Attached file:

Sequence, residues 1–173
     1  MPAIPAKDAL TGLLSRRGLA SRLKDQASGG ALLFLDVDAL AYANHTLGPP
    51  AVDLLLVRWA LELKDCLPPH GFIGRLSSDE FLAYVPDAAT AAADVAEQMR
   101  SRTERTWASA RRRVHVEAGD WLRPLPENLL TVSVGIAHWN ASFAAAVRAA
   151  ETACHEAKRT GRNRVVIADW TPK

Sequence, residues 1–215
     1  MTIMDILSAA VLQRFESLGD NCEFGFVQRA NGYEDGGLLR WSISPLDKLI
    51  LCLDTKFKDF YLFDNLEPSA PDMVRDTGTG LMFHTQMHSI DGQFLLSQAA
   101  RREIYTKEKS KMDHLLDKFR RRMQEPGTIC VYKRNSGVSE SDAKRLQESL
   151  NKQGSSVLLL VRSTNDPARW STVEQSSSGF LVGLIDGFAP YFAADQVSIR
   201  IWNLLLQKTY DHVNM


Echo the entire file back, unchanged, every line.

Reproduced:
Sequence, residues 1–173
     1  MPAIPAKDAL TGLLSRRGLA SRLKDQASGG ALLFLDVDAL AYANHTLGPP
    51  AVDLLLVRWA LELKDCLPPH GFIGRLSSDE FLAYVPDAAT AAADVAEQMR
   101  SRTERTWASA RRRVHVEAGD WLRPLPENLL TVSVGIAHWN ASFAAAVRAA
   151  ETACHEAKRT GRNRVVIADW TPK

Sequence, residues 1–215
     1  MTIMDILSAA VLQRFESLGD NCEFGFVQRA NGYEDGGLLR WSISPLDKLI
    51  LCLDTKFKDF YLFDNLEPSA PDMVRDTGTG LMFHTQMHSI DGQFLLSQAA
   101  RREIYTKEKS KMDHLLDKFR RRMQEPGTIC VYKRNSGVSE SDAKRLQESL
   151  NKQGSSVLLL VRSTNDPARW STVEQSSSGF LVGLIDGFAP YFAADQVSIR
   201  IWNLLLQKTY DHVNM